William Makepeace Thackeray

(1811-1863 / India)

Titmarsh’s Carmen Lilliense - Poem by William Makepeace Thackeray

LILLE, Sept. 2, 1843.

My heart is weary, my peace is gone,
How shall I e'er my woes reveal?
I have no money, I lie in pawn,
A stranger in the town of Lille.

I.

With twenty pounds but three weeks since
From Paris forth did Titmarsh wheel,
I thought myself as rich a prince
As beggar poor I'm now at Lille.

Confiding in my ample means—
In troth, I was a happy chiel!
I passed the gates of Valenciennes,
I never thought to come by Lille.

I never thought my twenty pounds
Some rascal knave would dare to steal;
I gayly passed the Belgic bounds
At Quievrain, twenty miles from Lille.

To Antwerp town I hasten'd post,
And as I took my evening meal
I felt my pouch,—my purse was lost,
O Heaven! Why came I not by Lille?

I straightway called for ink and pen,
To grandmamma I made appeal;
Meanwhile a loan of guineas ten
I borrowed from a friend so leal.

I got the cash from grandmamma
(Her gentle heart my woes could feel,)
But where I went, and what I saw,
What matters? Here I am at Lille.

My heart is weary, my peace is gone,
How shall I e'er my woes reveal?
I have no cash, I lie in pawn,
A stranger in the town of Lille.

II.

To stealing I can never come,
To pawn my watch I'm too genteel,
Besides, I left my watch at home,
How could I pawn it then at Lille?

'La note,' at times the guests will say.
I turn as white as cold boil'd veal;
I turn and look another way,
I dare not ask the bill at Lille.

I dare not to the landlord say,
'Good sir, I cannot pay your bill;'
He thinks I am a Lord Anglais,
And is quite proud I stay at Lille.

He thinks I am a Lord Anglais,
Like Rothschild or Sir Robert Peel,
And so he serves me every day
The best of meat and drink in Lille.

Yet when he looks me in the face
I blush as red as cochineal;
And think did he but know my case,
How changed he'd be, my host of Lille.

My heart is weary, my peace is gone,
How shall I e'er my woes reveal?
I have no money, I lie in pawn,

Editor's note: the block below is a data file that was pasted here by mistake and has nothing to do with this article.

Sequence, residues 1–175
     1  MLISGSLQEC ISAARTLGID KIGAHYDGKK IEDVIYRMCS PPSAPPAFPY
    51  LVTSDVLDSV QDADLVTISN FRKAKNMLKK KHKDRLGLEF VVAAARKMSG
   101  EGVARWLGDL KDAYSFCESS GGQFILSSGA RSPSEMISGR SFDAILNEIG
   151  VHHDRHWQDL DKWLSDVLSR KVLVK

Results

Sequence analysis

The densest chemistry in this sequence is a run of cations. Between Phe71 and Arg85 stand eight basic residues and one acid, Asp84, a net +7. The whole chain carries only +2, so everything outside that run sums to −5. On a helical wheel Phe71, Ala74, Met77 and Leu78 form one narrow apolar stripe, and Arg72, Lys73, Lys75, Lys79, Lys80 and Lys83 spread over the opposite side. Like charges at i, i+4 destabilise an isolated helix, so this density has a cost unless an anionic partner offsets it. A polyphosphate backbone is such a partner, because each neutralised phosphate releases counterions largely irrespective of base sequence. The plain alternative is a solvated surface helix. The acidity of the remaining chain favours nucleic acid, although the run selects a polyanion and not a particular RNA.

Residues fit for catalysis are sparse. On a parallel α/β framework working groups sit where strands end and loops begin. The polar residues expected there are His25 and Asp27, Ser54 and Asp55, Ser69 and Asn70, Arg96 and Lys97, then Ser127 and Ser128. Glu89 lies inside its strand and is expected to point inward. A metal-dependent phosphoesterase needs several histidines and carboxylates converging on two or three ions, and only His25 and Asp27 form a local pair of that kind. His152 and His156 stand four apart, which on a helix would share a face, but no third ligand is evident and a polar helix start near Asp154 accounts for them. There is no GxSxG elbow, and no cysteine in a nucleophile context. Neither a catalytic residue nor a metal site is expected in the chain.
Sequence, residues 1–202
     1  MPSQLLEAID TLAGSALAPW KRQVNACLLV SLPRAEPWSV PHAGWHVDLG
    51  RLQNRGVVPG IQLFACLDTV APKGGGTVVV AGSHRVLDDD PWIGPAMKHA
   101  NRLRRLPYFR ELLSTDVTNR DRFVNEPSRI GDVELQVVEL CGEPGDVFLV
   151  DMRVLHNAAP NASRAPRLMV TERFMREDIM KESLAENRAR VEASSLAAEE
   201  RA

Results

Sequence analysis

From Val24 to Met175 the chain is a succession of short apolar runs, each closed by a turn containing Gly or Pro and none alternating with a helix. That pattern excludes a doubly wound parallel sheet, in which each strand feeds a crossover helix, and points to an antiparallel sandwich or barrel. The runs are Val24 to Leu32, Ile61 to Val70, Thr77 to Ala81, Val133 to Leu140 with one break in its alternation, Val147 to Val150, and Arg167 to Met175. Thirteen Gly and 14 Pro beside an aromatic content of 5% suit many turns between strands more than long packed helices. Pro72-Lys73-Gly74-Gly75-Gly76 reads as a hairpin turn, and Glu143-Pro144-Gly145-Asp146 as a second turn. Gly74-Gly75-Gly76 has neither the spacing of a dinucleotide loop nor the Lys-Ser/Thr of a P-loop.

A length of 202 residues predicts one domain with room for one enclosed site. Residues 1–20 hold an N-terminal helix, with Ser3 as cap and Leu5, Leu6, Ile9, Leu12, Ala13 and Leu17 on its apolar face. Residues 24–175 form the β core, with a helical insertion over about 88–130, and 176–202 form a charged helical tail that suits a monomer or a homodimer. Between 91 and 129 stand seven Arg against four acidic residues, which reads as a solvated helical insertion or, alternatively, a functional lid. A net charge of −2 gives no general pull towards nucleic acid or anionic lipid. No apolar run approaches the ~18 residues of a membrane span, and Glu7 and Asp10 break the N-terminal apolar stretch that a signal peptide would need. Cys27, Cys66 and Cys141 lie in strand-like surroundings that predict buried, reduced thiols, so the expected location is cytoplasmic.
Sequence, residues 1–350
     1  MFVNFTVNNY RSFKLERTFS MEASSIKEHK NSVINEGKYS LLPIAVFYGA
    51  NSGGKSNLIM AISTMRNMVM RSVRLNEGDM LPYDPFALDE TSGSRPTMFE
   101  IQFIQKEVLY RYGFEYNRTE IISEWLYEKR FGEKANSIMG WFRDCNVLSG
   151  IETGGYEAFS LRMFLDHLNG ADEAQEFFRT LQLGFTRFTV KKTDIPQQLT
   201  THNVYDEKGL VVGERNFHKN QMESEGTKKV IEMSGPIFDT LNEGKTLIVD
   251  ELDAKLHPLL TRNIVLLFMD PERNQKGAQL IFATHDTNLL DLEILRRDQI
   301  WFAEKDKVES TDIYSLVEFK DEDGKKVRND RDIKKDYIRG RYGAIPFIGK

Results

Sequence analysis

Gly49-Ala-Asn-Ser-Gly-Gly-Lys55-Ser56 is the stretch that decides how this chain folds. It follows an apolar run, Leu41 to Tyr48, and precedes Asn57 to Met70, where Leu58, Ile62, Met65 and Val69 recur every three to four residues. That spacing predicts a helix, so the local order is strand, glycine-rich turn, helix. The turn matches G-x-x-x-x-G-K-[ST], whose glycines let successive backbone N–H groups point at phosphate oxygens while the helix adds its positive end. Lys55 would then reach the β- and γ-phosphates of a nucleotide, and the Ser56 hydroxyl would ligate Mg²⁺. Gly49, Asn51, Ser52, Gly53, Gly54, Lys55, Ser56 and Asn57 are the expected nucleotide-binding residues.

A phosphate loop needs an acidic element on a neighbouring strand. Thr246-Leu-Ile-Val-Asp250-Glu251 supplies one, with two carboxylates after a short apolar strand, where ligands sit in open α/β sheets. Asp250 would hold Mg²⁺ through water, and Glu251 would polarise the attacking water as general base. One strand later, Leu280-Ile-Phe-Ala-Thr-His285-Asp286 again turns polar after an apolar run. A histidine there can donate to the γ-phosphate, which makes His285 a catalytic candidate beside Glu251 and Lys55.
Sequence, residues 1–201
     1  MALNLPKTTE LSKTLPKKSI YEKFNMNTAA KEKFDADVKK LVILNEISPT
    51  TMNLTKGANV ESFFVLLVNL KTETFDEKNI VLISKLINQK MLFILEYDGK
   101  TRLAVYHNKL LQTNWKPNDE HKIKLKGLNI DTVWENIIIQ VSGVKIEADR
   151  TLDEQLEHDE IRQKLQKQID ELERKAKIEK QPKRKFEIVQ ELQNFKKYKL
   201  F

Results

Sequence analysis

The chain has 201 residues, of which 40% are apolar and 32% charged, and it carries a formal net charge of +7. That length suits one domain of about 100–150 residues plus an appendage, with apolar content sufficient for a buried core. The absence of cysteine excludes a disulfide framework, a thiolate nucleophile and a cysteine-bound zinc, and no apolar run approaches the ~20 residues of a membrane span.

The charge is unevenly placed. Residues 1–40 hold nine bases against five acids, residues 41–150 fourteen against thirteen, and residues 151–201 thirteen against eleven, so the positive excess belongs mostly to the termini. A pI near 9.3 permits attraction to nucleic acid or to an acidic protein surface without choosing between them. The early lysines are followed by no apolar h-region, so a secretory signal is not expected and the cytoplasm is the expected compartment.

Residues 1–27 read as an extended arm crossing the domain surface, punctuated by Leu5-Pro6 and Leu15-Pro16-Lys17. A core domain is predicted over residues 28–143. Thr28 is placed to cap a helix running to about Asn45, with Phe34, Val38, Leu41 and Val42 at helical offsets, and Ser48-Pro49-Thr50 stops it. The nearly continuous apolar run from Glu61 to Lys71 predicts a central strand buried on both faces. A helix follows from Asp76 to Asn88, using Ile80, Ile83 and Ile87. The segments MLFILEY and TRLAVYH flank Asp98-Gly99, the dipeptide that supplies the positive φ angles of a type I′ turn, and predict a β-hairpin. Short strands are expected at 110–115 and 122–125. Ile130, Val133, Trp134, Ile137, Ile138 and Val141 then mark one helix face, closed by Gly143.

A stranger in the town of Lille.

III.

The sun bursts out in furious blaze,
I perspirate from head to heel;
I'd like to hire a one-horse chaise,
How can I, without cash at Lille?

I pass in sunshine burning hot
By cafes where in beer they deal;
I think how pleasant were a pot,
A frothing pot of beer of Lille!

What is yon house with walls so thick,
All girt around with guard and grille?
O gracious gods! it makes me sick,
It is the PRISON-HOUSE of Lille!

O cursed prison strong and barred,
It does my very blood congeal!
I tremble as I pass the guard,
And quit that ugly part of Lille.

The church-door beggar whines and prays,
I turn away at his appeal
Ah, church-door beggar! go thy ways!
You're not the poorest man in Lille.

My heart is weary, my peace is gone,
How shall I e'er any woes reveal?
I have no money, I lie in pawn,
A stranger in the town of Lille.

IV.

Say, shall I to you Flemish church,
And at a Popish altar kneel?
Oh, do not leave me in the lurch,—
I'll cry, ye patron-saints of Lille!

Ye virgins dressed in satin hoops,
Ye martyrs slain for mortal weal,
Look kindly down! before you stoops
The miserablest man in Lille.

And lo! as I beheld with awe
A pictured saint (I swear 'tis real),
It smiled, and turned to grandmamma!—
It did! and I had hope in Lille!

'Twas five o'clock, and I could eat,
Although I could not pay my meal:
I hasten back into the street
Where lies my inn, the best Lille.

What see I on my table stand,—
A letter with a well-known seal?
'Tis grandmamma's! I know her hand,—
'To Mr. M. A. Titmarsh, Lille.'

I feel a choking in my throat,
I pant and stagger, faint and reel!
It is—it is—a ten-pound note,
And I'm no more in pawn at Lille!


[He goes off by the diligence that evening, and is restored to the
bosom of his happy family.]


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Poem Submitted: Wednesday, April 7, 2010



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